Age of Concrete: Housing and the Shape of Aspiration in the Capital of Mozambique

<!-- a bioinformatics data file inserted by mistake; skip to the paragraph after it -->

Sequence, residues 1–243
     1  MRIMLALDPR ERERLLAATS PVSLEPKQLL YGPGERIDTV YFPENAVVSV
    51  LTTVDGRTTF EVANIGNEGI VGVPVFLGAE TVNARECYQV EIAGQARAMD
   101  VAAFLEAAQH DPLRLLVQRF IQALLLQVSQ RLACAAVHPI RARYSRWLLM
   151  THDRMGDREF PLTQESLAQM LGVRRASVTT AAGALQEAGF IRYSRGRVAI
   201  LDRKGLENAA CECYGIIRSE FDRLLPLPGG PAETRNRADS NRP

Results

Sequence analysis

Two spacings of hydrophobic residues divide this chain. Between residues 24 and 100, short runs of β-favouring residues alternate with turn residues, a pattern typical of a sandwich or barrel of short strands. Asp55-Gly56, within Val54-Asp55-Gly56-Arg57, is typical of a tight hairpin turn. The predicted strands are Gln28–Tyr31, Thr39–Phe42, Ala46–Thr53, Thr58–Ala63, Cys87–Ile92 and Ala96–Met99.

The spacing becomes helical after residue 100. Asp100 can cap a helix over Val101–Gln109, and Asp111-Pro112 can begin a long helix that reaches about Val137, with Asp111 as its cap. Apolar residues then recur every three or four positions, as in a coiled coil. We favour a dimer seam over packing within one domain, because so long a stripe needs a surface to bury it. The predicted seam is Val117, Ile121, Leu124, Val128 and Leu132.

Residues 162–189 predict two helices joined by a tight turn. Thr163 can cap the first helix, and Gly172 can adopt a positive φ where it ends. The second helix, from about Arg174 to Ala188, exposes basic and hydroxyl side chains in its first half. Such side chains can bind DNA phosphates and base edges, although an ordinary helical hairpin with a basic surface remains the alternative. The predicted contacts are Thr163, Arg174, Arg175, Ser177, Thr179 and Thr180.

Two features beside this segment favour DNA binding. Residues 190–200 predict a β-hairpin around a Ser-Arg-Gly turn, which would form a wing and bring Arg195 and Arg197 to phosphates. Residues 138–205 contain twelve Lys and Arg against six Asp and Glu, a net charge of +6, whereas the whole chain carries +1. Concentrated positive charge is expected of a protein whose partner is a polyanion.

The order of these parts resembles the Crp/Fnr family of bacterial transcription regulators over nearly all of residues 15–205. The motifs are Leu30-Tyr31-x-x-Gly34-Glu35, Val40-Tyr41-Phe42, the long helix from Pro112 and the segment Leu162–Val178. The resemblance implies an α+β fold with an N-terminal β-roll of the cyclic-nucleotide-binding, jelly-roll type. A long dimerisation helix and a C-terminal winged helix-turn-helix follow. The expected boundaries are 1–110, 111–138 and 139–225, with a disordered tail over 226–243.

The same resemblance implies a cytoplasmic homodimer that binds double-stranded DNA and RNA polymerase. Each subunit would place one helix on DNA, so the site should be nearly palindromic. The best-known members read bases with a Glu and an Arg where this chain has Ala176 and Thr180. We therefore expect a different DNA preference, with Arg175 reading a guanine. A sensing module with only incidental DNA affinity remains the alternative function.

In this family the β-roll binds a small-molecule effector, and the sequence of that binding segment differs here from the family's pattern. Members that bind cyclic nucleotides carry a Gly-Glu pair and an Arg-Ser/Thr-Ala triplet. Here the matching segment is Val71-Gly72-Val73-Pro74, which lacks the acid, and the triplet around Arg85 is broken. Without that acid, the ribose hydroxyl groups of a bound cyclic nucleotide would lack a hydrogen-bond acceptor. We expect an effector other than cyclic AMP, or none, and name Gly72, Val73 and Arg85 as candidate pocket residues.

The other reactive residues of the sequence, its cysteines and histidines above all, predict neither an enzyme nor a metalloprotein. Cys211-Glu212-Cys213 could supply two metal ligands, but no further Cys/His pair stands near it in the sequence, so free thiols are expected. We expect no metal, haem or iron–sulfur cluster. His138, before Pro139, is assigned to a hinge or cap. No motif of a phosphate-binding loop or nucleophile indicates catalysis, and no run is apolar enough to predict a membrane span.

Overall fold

Age of Concrete is a history of the making of houses and homes in the suburbios of Maputo (Lourenco Marques), Mozambique, from the late 1940s to the present. Often dismissed as undifferentiated, ahistorical slums, these neighborhoods are in fact an open-air archive that reveals some of people's highest aspirations. At first people built in reeds. Then they built in wood and zinc panels. And finally, even when it was illegal, they risked building in concrete block, making permanent homes in a place where their presence was often excruciatingly precarious. Unlike many histories of the built environment in African cities, Age of Concrete focuses on ordinary homebuilders and dwellers. David Morton thus models a different way of thinking about urban politics during the era of decolonization, when one of the central dramas was in the construction of the urban stage itself. It shaped how people related not only to each other, but also to the colonial state and then to the independent state stumbling into being. Original, deeply researched, and beautifully composed, this book speaks in innovative ways to scholarship on urban history, colonialism and decolonization, and the postcolonial state. Replete with rare photographs and forgotten documents, it establishes Morton as one of a handful of scholars breaking new ground on how we understand Africa's cities.